Sunday, July 24, 2011

Tasting Notes

After one sip of my first ever Duchesse Borgogne last night my face spasmed — fluctuating between an involuntary sour grimace and a beam of sheer delight. I try to resist the temptation to read descriptions (and worse: reviews) of new beers before I try them. As any movie-goer will attest, expectations and predispositions can be the arch-enemies of enjoyment. I hadn't even realized the Duchesse was a sour Flemish Red until it curdled my consciousness and tattooed a smile across my cheeks that lasted all evening. The shock of the sour with the luscious mead-like body really pleased me.

Our physical reactions to tasting beer are an oddly personal thing. Mood, fatigue and above all company can be more significant than mere flavour in determining whether we roll our eyes, adopt a stony snarl, or launch into a full-on "o" face. As animals our reactions to flavour are essentially carnal, yet as social creatures we have learned to become aware of and control how those reactions bubble up to the surface.

Personally, my tasting reactions mirror my reactions to good comedy. If I am watching The Daily Show or listening to The Bugle alone, even the most uproarious gags might solicit an appreciative nod — a monosyllabic chuckle at most. But put me in a crowded cinema and I will bellow through a full ninety minutes of a mediocre Will Ferrell flick. Similarly, a great beer enjoyed in solitude might fire up my synapses, but put me in a beer-tasting and the same beer could reduce me to giggling jelly.

On some occasions company has the opposite effect. We've all been in situations where someone has split a rare or celebrity beer and the gathered tasters proceed to play flavour-poker, stifling their visceral reactions – whether delight, disgust or indifference — for fear of betraying unsophisticated tastes or a misunderstanding of the intended style. It takes a bold or blasé comrade to break the seal: "It's OK, but I have no idea why BeerAdvocate drinkers have it as the best of its style" before others will wear their frowns of disappointment with confidence.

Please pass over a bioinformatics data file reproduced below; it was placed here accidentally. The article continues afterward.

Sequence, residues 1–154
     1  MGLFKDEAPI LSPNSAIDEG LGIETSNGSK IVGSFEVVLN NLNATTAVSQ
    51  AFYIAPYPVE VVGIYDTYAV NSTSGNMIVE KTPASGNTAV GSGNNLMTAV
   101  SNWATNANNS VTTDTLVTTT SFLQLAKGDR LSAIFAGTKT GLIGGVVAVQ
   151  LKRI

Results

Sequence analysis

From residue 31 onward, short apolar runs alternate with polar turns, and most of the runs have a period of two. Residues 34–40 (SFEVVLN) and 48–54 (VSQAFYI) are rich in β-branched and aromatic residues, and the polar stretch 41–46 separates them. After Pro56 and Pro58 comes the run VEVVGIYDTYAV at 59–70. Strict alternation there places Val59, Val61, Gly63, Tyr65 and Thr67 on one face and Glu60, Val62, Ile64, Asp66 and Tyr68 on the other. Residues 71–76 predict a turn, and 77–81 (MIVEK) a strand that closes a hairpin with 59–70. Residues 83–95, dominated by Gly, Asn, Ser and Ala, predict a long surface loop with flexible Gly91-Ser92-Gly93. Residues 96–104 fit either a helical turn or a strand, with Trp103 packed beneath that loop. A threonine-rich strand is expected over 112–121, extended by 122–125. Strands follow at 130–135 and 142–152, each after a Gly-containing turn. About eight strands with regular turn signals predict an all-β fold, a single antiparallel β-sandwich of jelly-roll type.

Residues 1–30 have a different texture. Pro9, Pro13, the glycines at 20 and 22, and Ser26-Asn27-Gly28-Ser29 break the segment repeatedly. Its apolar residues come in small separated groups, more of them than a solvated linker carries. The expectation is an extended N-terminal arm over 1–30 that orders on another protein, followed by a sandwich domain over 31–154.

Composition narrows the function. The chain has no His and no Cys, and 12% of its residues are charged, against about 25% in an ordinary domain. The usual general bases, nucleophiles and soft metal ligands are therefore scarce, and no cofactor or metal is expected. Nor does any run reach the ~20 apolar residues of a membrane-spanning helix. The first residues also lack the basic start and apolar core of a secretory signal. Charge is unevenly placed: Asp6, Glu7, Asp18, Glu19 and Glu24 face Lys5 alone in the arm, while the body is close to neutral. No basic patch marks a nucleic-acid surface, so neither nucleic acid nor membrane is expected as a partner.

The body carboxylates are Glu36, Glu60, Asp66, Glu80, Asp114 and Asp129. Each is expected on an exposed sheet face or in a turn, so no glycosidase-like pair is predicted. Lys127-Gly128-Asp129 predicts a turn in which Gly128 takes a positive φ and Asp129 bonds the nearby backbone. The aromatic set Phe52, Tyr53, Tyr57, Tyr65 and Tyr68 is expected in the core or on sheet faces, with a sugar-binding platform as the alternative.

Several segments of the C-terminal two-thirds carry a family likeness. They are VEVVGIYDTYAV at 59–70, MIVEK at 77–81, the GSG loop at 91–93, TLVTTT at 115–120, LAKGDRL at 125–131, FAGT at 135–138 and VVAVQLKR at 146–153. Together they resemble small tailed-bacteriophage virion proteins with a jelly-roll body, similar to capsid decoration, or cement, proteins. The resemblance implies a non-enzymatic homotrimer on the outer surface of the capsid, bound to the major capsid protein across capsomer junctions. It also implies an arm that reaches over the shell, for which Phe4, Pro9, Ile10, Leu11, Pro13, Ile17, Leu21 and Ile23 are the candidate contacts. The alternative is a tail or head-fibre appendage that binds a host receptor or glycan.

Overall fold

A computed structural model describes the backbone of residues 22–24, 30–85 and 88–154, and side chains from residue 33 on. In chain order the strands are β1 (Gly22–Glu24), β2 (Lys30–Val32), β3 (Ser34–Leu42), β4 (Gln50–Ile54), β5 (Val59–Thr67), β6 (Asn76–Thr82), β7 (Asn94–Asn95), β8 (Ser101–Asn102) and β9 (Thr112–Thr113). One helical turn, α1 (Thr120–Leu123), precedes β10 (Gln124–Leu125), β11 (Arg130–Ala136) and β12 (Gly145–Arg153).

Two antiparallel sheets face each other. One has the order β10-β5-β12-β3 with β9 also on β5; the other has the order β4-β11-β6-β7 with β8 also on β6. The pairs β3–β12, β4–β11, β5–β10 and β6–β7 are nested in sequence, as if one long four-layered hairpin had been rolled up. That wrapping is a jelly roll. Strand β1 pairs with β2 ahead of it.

My favourite tasters of all (my taste in tasters, if you like) are those awesome individuals with a winning combination of hyperactive tastebuds and a total lack of inhibitions. There is one such guy called John who comes to our semi-regular Epic Beer Dinner pairing events. I always search the RSVP list to see if John is attending, and if he is, I know we will be offered a veritable showcase of joie-de-vivre.

John reacts to a beer the way ordinary people might react to being publicly slapped, tickled by a platoon of Oompa-Loompas, or being told they have less than three minutes to live. Reactions explode out of him. I once saw him react to an imperial Hefeweizen as though it had just suggested that John and his wife join it in a three-way.

I've never seen someone perceive such audacity, outrageousness and utter seduction in the beers that John drinks. I salute him. Most of us cannot be like John, but all beer lovers have their own version of this reaction. We might simply sit, aware, in the serene moment, feel an immediate compulsion to write about what we just drank, or snap a pencil lead scribbling tasting notes.

And now, because my words do not have the power to replicate intense visceral reactions, for John and the Duchesse, a video of some small children eating lemons.


  1. "Playing flavour poker." I like that, and its so true. Well written as always.

  2. Thank you Basement Brewer. Dave told me he ran into you recently. It'd be good to get a pint one of these days, preferably one of yours!